IMF Raises A Virtual Eyebrow To China’s Financial Risks

BENEATH THE BALLYHOO of the US presidential election, the International Monetary Fund wrapped up its Article IV Mission staff visit to China (conducted virtually this time, of course). Its report confirms the IMF’s recent upgraded projections of 1.9% GDP growth this year and 8.2% next with what are now the new-normal caveats.

While the recovery is advancing, growth remains unbalanced as it relies heavily on public support while private consumption is lagging. The outlook faces downside risks, stemming from rising financial vulnerabilities and the increasingly challenging external environment.

The report indicates that moderately expansionary macroeconomic policies in 2021, supported by a shift from public to private demand, will help to balance the recovery better. It would also like to see slightly expansionary fiscal policy with a shift from spending on infrastructure towards strengthening social safety nets and promoting green investment.

It would add further structural reforms to the policy mix, too, including expanded opening up of domestic markets, reform of state-owned enterprises and ensuring competitive neutrality with private firms while promoting green investment and more robust social safety nets.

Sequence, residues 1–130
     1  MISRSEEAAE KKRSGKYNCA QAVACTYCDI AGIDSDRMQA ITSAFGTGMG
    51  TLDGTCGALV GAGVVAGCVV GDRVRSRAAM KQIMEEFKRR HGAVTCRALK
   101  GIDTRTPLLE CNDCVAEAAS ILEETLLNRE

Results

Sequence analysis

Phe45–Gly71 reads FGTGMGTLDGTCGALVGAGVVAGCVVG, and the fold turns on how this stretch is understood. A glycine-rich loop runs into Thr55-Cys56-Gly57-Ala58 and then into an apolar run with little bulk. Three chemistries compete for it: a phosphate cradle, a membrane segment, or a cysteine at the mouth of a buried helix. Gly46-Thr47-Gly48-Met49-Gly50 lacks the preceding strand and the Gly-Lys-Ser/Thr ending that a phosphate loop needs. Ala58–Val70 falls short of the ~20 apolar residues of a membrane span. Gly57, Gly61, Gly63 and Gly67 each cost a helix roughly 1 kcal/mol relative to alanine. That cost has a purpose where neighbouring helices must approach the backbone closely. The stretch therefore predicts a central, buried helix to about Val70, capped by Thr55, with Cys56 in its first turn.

Nothing there that deviates from the party line of either the IMF or China’s economic policymakers. However, the Fund does seem more exercised about the financial risks than it is wont to display in public.

As the recovery takes hold, exceptional financial support measures to avoid a credit squeeze should be replaced with proactive efforts to address problem loans and strengthen regulatory and supervisory frameworks. A comprehensive bank restructuring framework will lower systemic risks and continue de-risking.

All of which are coming, if in a more piecemeal fashion.

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